• Recognize that you can make the memories and still make them mind.  You can even have a tidy house, but not all the time.

Just don’t lose sight of the Bigger.

When you compete or compare yourself with other moms or your own mother, you are losing sight of the Bigger.

When you focus on your house instead of their hearts, you are losing sight of the Bigger.

When you remember that building a home is the greatest investment of your time, you will be living the Bigger.

control boom 2Pinpoint Triggers

Figure out the Trigger moments in your day, then FIX them.  This isn’t controlling others; it is the opposite of being out of control.

Ask yourself: How did I get from there (calm) to here? (explosion).

What are the times of day that are most difficult?  List them.  Then figure out the cause behind that Trigger.

  •  If your Trigger point is morning and getting-ready-for-school or work, ask yourself (or your kids):  what can I do to make mornings better?  Is it an earlier beginning?  Is it having better planning the night before?  There’s a way to fix it, and once you figure that out, you’ll be on your way to de-booming that time of day.
  • Is your Trigger point the time when the kids come home from school and the baby is fussy or the toddler feels left out and is getting into everything?  Ask yourself:  What makes that moment the Trigger point?  What can I do to alleviate the tension?   Ask yourself:  what do I do to add to the tension?  What can I change so the tension decreases?  What frustrates me about this?  Why does it frustrate me?  Figure it out, take the right steps, and you will be de-booming!
  • Is your Trigger point when you’re helping with homework or folding laundry and you still don’t know what you’re doing for supper?Ask yourself: could I have folded the laundry earlier?  Should I have planned my menu and started preparing my meal in the morning instead of waiting until now?  Am I trying to juggle too many things at that moment? Go ahead and make a plan.  Deboom!
  • Is Your Trigger point a teen who somehow manages to argue her way into getting what she wants?  Ask yourself:  what do I do that makes her think it’s okay to argue with me?  Take the steps necessary to squelch the arguments: deal out consequences, etc.  Next time, you’ll be prepared and your teen won’t have anything on you!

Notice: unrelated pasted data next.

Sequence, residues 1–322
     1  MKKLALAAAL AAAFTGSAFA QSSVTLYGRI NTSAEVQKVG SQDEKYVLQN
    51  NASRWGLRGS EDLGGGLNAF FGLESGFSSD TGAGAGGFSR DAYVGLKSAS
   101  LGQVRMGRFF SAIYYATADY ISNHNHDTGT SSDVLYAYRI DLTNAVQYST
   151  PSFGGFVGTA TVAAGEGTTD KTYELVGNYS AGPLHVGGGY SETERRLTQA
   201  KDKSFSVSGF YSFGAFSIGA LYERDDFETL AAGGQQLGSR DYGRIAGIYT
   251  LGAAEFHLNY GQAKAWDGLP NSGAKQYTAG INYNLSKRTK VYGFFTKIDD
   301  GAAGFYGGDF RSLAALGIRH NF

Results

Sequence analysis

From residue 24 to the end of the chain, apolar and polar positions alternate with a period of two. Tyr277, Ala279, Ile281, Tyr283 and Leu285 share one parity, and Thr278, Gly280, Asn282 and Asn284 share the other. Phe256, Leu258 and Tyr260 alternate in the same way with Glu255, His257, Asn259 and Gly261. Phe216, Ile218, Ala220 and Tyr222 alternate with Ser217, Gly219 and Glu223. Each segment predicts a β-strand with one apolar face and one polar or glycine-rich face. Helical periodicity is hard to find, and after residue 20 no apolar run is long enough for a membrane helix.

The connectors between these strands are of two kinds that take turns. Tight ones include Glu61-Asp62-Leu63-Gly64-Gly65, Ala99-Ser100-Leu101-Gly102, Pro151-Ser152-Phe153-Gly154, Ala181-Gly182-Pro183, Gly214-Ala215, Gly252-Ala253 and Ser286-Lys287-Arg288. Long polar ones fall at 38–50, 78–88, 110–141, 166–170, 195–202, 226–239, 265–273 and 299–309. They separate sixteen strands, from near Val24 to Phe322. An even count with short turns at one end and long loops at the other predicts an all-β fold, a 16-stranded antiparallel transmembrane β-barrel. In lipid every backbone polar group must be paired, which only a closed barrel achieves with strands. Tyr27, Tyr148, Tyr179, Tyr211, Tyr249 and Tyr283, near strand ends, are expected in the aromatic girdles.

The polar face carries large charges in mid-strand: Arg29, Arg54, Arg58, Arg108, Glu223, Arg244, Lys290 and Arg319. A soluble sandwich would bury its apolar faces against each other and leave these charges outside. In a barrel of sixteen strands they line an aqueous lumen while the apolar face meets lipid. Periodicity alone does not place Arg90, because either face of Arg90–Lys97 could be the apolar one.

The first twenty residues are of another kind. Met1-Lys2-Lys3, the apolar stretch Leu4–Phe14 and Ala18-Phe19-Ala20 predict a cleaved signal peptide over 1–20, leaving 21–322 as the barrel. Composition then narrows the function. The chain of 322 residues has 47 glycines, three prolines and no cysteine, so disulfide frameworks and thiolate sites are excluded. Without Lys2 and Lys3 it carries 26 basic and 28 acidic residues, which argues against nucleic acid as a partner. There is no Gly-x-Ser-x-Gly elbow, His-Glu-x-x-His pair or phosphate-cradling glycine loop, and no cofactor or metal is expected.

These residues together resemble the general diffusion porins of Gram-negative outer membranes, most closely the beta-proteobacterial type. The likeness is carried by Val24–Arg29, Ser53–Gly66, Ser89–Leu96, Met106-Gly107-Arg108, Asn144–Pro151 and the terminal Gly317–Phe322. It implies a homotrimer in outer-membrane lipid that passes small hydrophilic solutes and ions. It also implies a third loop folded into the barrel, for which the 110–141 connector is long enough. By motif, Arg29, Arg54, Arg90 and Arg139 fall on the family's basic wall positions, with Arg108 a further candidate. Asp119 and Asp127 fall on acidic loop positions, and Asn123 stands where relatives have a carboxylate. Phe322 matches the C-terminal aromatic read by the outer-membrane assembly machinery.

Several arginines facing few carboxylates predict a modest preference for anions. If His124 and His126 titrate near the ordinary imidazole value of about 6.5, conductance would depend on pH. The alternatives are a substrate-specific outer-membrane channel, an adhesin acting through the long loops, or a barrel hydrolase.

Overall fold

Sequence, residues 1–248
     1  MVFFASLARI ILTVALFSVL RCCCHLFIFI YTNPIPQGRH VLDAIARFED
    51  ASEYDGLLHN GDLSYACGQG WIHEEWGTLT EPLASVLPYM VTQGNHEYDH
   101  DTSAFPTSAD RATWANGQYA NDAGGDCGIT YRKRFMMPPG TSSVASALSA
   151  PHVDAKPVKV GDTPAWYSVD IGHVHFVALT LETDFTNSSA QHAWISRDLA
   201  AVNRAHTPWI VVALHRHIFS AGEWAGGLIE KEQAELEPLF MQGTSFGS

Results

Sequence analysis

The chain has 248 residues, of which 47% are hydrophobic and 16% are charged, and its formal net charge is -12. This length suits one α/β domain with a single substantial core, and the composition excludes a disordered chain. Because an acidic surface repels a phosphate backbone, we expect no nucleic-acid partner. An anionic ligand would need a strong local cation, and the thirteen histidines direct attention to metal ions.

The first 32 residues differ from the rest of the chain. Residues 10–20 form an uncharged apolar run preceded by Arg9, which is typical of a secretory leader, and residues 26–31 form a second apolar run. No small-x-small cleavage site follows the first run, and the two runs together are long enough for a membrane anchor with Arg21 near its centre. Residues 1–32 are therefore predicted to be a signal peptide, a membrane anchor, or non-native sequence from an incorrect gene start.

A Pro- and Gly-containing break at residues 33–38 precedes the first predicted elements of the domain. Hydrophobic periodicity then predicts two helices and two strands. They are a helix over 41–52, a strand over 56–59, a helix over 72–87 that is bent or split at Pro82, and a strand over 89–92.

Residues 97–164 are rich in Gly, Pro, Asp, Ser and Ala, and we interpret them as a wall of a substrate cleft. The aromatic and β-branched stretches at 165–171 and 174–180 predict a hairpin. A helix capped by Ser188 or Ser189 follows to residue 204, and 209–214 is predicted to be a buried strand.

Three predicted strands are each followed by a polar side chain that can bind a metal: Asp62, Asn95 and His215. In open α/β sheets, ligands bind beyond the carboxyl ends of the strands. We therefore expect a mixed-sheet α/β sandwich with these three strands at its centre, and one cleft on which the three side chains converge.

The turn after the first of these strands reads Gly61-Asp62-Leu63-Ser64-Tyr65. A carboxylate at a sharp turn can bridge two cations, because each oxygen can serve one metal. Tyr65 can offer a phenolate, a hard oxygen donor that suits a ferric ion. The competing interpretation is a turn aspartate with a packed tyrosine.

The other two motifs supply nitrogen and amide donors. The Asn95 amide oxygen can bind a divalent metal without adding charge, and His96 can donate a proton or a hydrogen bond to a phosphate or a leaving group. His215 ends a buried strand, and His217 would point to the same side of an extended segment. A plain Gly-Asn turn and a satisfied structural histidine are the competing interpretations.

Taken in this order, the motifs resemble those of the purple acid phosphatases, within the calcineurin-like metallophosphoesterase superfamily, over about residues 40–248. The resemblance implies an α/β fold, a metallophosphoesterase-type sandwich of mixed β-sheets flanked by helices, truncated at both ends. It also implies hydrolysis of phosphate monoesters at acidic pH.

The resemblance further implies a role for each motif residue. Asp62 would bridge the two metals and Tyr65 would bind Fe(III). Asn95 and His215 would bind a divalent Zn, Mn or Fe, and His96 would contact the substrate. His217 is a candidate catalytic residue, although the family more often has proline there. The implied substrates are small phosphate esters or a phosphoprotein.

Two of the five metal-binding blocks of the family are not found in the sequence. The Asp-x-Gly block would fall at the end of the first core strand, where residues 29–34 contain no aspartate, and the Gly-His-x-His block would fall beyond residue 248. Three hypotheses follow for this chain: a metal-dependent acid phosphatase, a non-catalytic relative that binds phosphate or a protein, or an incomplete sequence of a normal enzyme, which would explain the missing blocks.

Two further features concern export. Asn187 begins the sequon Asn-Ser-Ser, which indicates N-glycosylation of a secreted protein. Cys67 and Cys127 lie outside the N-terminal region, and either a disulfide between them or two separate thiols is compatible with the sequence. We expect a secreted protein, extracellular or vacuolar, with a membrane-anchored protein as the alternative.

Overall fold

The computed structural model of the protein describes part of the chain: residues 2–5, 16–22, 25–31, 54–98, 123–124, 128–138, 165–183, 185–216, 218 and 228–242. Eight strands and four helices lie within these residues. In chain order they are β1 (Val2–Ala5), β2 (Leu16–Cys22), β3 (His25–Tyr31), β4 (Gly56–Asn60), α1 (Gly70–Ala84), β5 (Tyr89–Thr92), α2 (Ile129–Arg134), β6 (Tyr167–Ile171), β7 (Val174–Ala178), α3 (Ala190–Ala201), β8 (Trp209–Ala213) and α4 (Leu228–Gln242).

• Choose some things that will help you alleviate Trigger Points. Decide before noon what your menu  will be for supper.  Pick up some neat toys or coloring books or “homework” books your preschoolers can work on while the older kids are doing homework.  Fix a light snack that will tide everybody over until dinnertime: graham crackers, ants on a log (peanut butter on celery with raisins), or cheese with crackers. A bag of popcorn can be a treat.  If an older child needs to read for a certain time for homework, let him read to a younger one.  You’re killing two birds with one stone.  You know your kids and your family.  You’re the greatest resource, and you can figure it out!  Go ahead.  Deboom.

control geese flyingDevelop Your Kilter

In case you don’t know what that means, here’s the definition: good condition; working order or alignment.

You need a plan.  It doesn’t matter so much what your plan is or how you work your plan, but you need a plan.

You can change your plan mid-stream and you can re-work it the following week, but you need a plan.

We’ve heard the saying, “Aim at nothing, and you’ll hit it every time.”  That’s why you need a plan.

  • Ask yourself: how much should/can/do I want to accomplish in one day?  Be realistic.
  • Make a list. It can be in your head, on your phone, or written down in a planning book,  but make that list.
  • Prioritize your list:  (A) Things that MUST get done today (a doctor’s appointment, mopping a floor because your feet are sticking to it)
    (B) Things that should get done today barring an emergency.    (C) Things you’d like to do today, but really can wait until tomorrow.
  • Start with the most difficult or the one thing  you least want to do. Putting it on your list is a guaranteed way to get ‘er done.  When I “don’t feel like” returning that item to the store or writing that Thank You note, it gets done much sooner if I put it on my list. Getting it out of the way makes  you  feel better right away.  Make that list, and then start with the one thing that just can’t wait or the one you dread the most.  Is it vacuuming? Cleaning the bathrooms? Cleaning out the freezer? Put it at the top of the list and then do it.  Save the most fun item for last.
  • Cross things off your list once they are done. (I used to add things to my list after I’d done them, just so I could cross them off! ) Complete the “must do” items on your list and then reward yourself.  What will it be?  Calling a friend long-distance?   Reading a chapter in a book? A milkshake at McDonalds?  A piece of chocolate?  A nap? Time on the computer?
  • At the end of the day, move all your incomplete items to the list for tomorrow.
  • Don’t Procrastinate.  If the same project keeps getting moved to the list for the next day, move it to the top and don’t do anything else until you can cross it off your list.

control order hearts

We become frustrated when we try to do more than anybody should fit into a day.When we make plans that aren’t realistic, we fail to remember that little ones are not robots.  Things will happen that will throw a  kink into our best-laid plans.

When that happens, pause for a while and look at the Bigger.

Don’t let that kink send you into a Trigger.

Rework your Kilter and keep your eye on the Bigger.

You can do this.  Stop the spiral.  Things don’t  need to be out of control.

Find a Kilter.

Be in command of your Triggers.

And above all else, remember the Bigger.

control hands with teddy bear